TD strikes blow for jobless young people

Helen McEntee: Country's youngest female TD

The country’s youngest female TD has said the Government must address concerns about the mental health of unemployed young people, many of whom are turning to drink and drugs.

Helen McEntee said many problems stemmed from youth unemployment and were affecting people her own age. In an interview with the Irish Examiner to mark her first year as a TD, the 27-year-old spoke candidly about life at Leinster House, of her passion for politics but also of the challenges she faces in her job.

“Youth unemployment is still an issue and a lot of things that stem from that are starting to appear more as issues.

“People who were in work and suddenly aren’t working. Those who haven’t left the country. There’s other factors that come into it, their mental health. Their attitude to alcohol and drugs, to different things going on around their lives outside of work.

“I’m very much of the opinion that with young people, their mental health affects their attitude towards drugs and alcohol and sex as well.”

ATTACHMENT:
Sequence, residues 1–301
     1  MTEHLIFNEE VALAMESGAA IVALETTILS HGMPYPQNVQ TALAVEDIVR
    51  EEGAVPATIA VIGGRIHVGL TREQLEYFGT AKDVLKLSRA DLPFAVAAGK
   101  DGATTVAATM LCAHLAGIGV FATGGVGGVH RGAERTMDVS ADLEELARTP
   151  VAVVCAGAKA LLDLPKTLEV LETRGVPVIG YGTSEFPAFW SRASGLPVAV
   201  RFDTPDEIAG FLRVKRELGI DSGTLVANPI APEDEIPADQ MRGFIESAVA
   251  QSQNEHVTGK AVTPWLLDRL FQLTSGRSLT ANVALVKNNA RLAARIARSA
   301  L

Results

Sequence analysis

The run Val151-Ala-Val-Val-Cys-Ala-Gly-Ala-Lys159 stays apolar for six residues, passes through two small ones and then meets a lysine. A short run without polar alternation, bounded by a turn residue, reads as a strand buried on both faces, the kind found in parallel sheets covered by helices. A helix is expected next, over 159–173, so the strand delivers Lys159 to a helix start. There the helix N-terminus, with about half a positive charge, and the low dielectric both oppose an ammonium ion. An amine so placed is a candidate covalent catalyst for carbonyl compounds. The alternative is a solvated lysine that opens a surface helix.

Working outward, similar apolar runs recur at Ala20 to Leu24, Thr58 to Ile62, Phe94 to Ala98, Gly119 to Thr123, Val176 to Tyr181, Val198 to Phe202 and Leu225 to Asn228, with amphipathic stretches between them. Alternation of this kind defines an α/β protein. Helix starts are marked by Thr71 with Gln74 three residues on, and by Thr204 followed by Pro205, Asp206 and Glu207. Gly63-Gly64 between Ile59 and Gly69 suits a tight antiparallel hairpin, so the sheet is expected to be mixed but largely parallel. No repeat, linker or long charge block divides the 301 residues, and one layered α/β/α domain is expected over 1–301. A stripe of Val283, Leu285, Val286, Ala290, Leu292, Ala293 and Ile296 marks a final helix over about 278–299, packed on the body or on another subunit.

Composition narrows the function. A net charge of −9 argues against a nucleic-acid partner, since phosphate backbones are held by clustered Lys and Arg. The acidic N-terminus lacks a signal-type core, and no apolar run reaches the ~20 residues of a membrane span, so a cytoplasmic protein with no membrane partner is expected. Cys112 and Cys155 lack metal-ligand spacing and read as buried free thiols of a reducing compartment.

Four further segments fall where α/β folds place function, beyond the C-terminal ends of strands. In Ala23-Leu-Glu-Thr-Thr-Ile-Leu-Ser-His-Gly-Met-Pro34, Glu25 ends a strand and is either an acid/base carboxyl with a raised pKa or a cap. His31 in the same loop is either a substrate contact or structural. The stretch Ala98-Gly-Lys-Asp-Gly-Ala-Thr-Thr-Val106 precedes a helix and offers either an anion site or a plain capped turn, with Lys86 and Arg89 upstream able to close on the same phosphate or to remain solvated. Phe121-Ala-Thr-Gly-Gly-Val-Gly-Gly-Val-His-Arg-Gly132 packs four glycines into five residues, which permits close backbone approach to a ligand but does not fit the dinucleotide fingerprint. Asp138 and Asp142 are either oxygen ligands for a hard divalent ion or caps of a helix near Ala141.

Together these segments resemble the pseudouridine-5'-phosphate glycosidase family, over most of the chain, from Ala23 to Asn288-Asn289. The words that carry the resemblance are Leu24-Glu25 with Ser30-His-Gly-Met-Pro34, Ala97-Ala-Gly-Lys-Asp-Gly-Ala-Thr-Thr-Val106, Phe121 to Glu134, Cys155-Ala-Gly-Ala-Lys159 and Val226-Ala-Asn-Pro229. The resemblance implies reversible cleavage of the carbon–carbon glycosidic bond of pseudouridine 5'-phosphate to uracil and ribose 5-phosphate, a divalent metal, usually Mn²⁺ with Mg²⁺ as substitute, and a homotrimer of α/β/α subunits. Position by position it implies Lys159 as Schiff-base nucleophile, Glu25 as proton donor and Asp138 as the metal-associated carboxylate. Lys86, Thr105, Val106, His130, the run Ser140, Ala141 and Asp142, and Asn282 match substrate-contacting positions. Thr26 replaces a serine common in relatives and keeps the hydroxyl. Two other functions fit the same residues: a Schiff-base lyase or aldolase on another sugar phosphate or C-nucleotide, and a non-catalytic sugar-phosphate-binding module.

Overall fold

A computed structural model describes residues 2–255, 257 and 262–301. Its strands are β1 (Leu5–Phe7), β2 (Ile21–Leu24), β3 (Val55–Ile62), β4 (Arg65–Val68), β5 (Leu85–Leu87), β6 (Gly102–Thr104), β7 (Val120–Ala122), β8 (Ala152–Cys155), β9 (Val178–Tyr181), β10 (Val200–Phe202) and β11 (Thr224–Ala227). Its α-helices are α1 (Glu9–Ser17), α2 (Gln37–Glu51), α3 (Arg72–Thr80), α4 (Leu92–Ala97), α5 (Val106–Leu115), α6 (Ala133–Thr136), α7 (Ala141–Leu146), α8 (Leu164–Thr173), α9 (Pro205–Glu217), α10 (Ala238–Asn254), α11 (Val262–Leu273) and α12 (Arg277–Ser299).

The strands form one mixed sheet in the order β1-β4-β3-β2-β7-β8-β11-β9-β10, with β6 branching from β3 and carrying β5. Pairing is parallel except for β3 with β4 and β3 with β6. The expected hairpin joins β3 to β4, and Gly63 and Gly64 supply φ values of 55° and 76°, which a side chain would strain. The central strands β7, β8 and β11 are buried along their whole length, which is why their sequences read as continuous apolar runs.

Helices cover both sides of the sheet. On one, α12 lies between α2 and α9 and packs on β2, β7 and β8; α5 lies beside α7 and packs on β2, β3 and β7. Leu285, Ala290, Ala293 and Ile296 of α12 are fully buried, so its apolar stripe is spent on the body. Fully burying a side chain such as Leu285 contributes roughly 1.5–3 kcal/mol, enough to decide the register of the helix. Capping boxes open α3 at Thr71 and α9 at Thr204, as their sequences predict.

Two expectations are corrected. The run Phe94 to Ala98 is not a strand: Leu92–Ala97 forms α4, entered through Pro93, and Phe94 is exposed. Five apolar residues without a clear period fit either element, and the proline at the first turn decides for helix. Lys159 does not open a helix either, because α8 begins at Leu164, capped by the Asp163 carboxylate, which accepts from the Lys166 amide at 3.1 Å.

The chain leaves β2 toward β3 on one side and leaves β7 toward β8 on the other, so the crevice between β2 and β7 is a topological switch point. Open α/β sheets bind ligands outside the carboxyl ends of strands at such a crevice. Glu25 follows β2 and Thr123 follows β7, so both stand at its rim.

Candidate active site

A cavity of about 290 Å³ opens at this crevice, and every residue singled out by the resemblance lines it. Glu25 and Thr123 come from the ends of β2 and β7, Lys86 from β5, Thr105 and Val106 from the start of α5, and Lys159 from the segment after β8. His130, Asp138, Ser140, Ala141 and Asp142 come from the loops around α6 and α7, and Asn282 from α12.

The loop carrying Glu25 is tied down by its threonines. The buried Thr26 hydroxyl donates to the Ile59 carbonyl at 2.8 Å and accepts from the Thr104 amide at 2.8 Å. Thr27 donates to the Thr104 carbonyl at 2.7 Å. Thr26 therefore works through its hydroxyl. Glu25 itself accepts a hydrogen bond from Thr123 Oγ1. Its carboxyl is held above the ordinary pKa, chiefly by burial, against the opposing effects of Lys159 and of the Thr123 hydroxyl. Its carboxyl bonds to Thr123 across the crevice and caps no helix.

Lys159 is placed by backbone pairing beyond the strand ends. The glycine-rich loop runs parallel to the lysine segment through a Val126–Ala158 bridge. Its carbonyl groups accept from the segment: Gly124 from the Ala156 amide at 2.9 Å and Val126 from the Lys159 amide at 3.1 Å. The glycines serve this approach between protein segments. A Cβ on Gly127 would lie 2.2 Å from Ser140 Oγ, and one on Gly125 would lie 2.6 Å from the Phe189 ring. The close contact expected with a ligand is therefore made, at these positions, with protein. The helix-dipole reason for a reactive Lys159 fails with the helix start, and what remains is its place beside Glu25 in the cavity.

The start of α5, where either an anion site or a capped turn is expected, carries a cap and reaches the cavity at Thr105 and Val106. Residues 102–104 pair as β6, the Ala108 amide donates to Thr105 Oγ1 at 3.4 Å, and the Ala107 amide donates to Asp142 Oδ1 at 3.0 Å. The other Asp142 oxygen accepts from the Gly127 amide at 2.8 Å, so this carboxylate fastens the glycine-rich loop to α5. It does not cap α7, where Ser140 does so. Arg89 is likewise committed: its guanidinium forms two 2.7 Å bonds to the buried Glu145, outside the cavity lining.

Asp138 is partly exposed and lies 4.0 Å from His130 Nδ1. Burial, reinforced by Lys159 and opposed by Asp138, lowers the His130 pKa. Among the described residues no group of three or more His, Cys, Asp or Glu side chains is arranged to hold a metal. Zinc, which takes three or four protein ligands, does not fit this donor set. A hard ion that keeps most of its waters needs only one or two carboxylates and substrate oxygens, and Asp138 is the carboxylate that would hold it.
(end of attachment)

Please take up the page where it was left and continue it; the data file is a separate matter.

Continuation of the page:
She said it was an issue that she personally wanted to address. “I’m 27 and I think it affects people my age. Everybody has seen how it affects people who aren’t working, people who aren’t sure where to go.”

The Meath East TD was elected on March 27 last year in a by-election held to replace her late father, Shane McEntee, who took his own life. She had worked for her father in Leinster House after doing a master’s in media, but nothing prepared her for being a TD.

Jobs and funding for constituents are top of her agenda. Despite promises from the Coalition to help young entrepreneurs, she said funds locally have already run out this year.

The former economics student suggests a bridging loans scheme, funded by the State, would help start-ups.

She says young people should be encouraged to work in the agriculture and agri-food sectors. “The image before was just milking cows or picking strawberries. Now it’s more mechanical, technical, scientific, it’s about food and marketing. They need to make seasonal work easier to access if people come off welfare.”

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